The substantially constant-boiling admixtures that 1 have discovered contain difluoromethyl trifluoromethyl ether and dimethyl ether. One substantially constant-boiling admixture of these two components is characterized by a boiling point of about -22C. at about 741 millimeters mercury pressure, and analysis of this composition indicated a major proportion or about 65.4 weight per cent difluoromethyl trifluoromethyl ether and a minor proportion or about 34.6 weight per cent dimethyl ether. Another azeotrope that l have discovered is characterized by a boiling point of about -23.4C. at about 742 millimeters mercury pressure, and analysis of this azeotropic composition indicated a minor proportion of about 17.4 weight per cent difluoromethyl trifluoromethyl ether and a major proportion or about 82.6 weight percent dimethyl ether. Of course, it would be improper to strictly define these azeotropes as being such exacting compositions for the reasons as discussed above, and also due to possible slight variations in monitoring analytical equipment results. The azeotropes can be defined by the boiling point/pressure relationships.

EXAMPLES The following data are presented to illustrate my invention and to show the determination of the azeotropic admixtures I have discovered.

The azeotropic compositions were obtained by distilling a mixture of difluoromethyl trifluoromethyl ether and dimethyl ether and obtaining a constant-boiling, constant-composition mixture. The distillation unit comprised an Ace Glass Company No. 9219 concentric tube fractionating column about 13 inches long, about 10 mm internal diameter; silvered vacuum jacket; rated 40 theoretical plates at cc/hr. boil up rate, a vacuum jacketed head with magnetic takeoff fitted with a copper-constantan thermocouple and Thermoelectric Minimite potentiometer giving temperature readings within 0.2 C. accuracy; a graduated receiver, and a 25 cc conical kettle heated by a mantle and wrapped in glass wool. The condenser was cold-finger type cooled by dry ice and trichlorofluoromethane. The receiver was cooled to prevent reboiling. The pressure was atmospheric, and the pressure was measured frequently with a calibrated aneroid barometer graduated in mm Hg. The overhead products (both liquid phases when two appeared) or the kettle product of Example 11 were analyzed with an Aerograph 1520 gas chromatograph having a disc integrator on its recorder.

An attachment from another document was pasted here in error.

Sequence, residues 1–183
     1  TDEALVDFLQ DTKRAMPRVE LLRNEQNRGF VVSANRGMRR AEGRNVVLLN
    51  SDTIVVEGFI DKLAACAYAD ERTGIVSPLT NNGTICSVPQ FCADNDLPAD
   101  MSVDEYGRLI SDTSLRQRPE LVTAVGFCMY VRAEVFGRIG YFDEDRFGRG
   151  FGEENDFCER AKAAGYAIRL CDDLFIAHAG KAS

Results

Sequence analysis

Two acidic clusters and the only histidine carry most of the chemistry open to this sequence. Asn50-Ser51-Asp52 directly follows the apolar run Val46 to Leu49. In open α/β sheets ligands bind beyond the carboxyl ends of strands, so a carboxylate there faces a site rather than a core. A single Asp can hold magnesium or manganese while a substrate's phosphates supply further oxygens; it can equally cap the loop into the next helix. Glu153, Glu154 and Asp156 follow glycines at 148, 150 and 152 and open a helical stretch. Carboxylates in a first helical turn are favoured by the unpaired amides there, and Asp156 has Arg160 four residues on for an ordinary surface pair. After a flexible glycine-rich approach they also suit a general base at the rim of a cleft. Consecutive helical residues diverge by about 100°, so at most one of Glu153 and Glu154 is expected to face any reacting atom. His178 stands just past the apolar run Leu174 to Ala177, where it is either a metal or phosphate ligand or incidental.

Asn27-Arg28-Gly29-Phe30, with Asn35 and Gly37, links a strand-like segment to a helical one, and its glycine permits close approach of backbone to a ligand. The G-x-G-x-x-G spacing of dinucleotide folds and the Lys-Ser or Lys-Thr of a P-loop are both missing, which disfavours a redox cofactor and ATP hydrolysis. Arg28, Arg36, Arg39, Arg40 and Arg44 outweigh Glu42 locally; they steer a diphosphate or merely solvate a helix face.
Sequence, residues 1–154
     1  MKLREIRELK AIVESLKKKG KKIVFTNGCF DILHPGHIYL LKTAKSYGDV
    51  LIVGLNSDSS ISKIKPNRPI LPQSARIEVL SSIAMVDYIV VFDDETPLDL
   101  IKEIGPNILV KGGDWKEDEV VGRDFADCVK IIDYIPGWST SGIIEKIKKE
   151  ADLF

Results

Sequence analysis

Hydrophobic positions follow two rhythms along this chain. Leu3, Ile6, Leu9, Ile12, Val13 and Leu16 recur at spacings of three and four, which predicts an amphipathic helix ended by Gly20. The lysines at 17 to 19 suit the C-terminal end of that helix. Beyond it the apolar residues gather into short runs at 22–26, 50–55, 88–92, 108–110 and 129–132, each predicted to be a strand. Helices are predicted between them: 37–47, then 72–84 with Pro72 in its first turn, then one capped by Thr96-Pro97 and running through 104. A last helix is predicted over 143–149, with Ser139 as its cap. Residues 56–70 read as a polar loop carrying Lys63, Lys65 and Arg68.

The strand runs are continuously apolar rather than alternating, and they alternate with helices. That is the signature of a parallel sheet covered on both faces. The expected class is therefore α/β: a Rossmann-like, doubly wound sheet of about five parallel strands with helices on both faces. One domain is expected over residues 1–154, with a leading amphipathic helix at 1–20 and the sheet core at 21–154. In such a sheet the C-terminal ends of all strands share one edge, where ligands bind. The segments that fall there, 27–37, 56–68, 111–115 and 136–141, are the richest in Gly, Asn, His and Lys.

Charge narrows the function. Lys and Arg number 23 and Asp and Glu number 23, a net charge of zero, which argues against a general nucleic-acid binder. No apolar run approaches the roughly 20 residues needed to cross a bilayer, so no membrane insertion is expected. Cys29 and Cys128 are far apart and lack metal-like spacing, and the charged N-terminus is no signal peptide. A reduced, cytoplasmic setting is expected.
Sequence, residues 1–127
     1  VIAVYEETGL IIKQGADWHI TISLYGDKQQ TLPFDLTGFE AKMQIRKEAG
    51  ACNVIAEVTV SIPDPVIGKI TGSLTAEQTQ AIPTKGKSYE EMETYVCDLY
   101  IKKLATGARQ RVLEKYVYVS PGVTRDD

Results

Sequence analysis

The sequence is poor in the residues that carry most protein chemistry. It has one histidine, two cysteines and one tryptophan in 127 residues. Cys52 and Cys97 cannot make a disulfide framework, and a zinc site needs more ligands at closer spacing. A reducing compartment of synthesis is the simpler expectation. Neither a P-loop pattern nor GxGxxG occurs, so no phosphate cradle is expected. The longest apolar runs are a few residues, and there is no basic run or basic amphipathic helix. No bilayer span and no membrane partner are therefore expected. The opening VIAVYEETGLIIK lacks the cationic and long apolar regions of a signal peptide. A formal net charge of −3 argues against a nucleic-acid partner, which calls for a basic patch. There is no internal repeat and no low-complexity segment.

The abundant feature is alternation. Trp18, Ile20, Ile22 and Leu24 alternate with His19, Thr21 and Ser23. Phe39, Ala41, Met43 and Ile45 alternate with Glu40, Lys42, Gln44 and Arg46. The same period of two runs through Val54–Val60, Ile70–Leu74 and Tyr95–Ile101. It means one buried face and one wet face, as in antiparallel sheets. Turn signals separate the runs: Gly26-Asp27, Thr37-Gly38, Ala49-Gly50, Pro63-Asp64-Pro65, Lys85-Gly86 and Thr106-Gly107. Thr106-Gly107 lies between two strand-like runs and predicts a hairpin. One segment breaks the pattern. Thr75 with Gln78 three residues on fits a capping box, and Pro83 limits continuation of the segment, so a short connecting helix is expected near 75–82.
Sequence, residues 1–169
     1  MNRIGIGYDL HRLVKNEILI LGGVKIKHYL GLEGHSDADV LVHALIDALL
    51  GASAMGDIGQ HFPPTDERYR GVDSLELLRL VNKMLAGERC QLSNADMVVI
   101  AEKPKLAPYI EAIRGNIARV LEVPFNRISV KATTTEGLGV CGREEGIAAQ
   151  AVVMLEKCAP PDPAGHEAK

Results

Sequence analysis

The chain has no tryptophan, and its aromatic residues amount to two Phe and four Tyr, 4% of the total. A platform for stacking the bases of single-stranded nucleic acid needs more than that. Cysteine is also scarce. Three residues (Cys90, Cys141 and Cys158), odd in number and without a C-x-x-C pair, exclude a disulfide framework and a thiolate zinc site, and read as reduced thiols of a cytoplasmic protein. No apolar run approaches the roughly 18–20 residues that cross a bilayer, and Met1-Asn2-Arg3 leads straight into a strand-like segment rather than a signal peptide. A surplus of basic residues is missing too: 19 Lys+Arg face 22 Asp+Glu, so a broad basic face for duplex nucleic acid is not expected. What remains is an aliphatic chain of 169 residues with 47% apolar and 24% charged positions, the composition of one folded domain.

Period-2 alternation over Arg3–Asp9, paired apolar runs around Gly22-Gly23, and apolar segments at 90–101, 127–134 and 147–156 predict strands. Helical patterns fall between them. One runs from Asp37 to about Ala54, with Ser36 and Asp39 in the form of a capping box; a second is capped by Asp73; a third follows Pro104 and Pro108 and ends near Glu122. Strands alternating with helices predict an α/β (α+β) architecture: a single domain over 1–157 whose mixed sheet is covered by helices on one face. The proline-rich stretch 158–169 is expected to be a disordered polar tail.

EXAMPLE I Run 1: A mixture of 10.4 weight per cent difluoromethyl trifluoromethyl ether and 89.6 weight per cent dimethyl ether was charged to the kettle and heated to its atmospheric boiling point and distilled at a high reflux ratio of at least 5:1 and up to 40:1. A maximum boiling azeotrope was obtained as the constantboiling, constant-composition mixture consisting essentially of 17.7 weight per cent difluoromethyl trifluoromethyl ether and 82.3 weight per cent dimethyl ether at 742,8 mm Hg pressure, boiling point -23.4C.

Run 2: To approach this azeotrope from the other side, a mixture of 26.2 weight per cent difluoromethyl trifluoromethyl ether and 73.8 weight per cent dimethyl ether was charged to the kettle and heated to its atmospheric boiling point and distilled at a 20:1 reflux ratio. A maximum boiling azeotrope was obtained as the constant-boiling, constant-composition mixture consisting essentially of 17.2 weight per cent difluoromethyl trifluoromethyl ether and 82.8 weight per cent dimethyl ether at 742 mm Hg pressure. The azeotropic boiling point was 23.4C.

The existence of an azeotrope thus was established by two approaches. The feed composition of Run 1, 10.4 weight per cent difluoromethyl trifluoromethyl ether upon distillation became enriched in this component until reaching a concentration of 17.7 weight per cent at which concentration it distilled completely without change in composition. in Run 2, the feed composition of 26.2 weight per cent difluoromethyl trifluoromethyl ether became depleted in this component upon distillation until reaching approximately the same concentration of 17.2 weight per cent as in Run 1.

EXAMPLE 11 Run 3: A mixture of 80.8 weight per cent difluoromethyl trifluoromethyl ether and 19.2 weight per cent dimethyl ether was charged to the kettle and heated to its atmospheric boiling point and distilled at a :1 reflux ratio. A maximum boiling azeotrope was obtained in the kettle consisting essentially of 65.7 weight per cent difluoromethyl trifluoromethyl ether and 34.3 weight per cent dimethyl ether at 741.4 mm Hg pressure, boiling point 22.0C.